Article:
Wrigley traces canna trademark infringers
Back in April, we discussed Florida law enforcement’s concerns about THC food Its packaging infringes the trademark of a famous candy brand. These fakes may confuse consumers and help minors conceal their use of THC products.we Revisit Earlier this month, we argued that the USPTO’s refusal to register the cannabis trademark violated the public interest.
A trademark owner is now fighting back against marijuana fakes. Wm. The Wrigley Small Company (“Wrigley”) is suing five companies that sell counterfeit sweets. In addition to Skittles, infringing products also include counterfeit Life Savers and Starburst, which are also Wrigley brands.
Broadly speaking, infringing products can be divided into two categories. Some products completely copied one of Wrigley’s registered trademarks.For example, a litigation The lawsuit filed in California federal court involves products such as “Medicated Skittles”, “Life Savers Medicated Gummies” and “Starburst Gummies”. On these fakes, the appearance of trademarks such as SKITTLES is exactly the same as that on the original. Only after careful inspection did it become clear that these products were illegal. For example, a bag of “Skittles” has marijuana leaves in the design.
In other cases, the infringement is not so clear.For example, a lawsuit filed in federal court in Illinois involved Kitles And related marks (collectively referred to as “ZKITTLES marks”). According to Wrigley’s complaint, “The ZKITTLEZ trademark is basically the same as Wrigley’s SKITTLES trademark in terms of visual, sound, meaning and commercial imprints.” Wrigley also pointed out that the infringers “used SKITTLES in the advertising, sales and distribution of its ZKITTLEZ products. The same unique red on the candy packaging and the same color of SKITTLES candy.”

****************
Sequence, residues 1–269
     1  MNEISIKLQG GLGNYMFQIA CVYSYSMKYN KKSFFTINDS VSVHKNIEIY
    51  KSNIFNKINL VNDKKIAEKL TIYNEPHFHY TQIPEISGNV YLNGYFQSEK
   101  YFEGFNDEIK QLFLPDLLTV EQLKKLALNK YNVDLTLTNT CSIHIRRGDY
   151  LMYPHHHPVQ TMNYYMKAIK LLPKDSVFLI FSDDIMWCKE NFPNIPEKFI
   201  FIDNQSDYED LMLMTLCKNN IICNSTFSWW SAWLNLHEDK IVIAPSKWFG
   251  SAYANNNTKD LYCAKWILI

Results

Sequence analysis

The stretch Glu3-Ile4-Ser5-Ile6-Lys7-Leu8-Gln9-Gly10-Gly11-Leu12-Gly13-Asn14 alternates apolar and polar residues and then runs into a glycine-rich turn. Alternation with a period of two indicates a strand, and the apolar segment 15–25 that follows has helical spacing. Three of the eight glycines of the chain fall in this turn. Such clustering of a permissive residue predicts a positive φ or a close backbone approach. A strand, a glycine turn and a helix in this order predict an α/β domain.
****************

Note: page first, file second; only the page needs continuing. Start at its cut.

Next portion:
Ultimately, whether SKITTTLES and ZKITTLEZ are “essentially the same” will be a matter of fact determined by the Illinois court. However, it should be noted that there are significant differences between these two types of infringements.
Based on anecdotal experience, the most common response to these names seems to be entertainment. This shows that it is unlikely to be confused with real candies (such as skittles). In fact, based on our experience, the US Patent and Trademark Office’s threshold for finding similarities is quite low. Is not The two markers were found to be similar.
THC foods with the SKITTLES logo obviously have no place in our market (at least not until Wrigley decides to enter the cannabis field!). However, for products such as Zkittlez, the court must be careful not to set a precedent, create an excessive chilling effect on creative brands, and over-expand the protection enjoyed by companies such as Wrigley.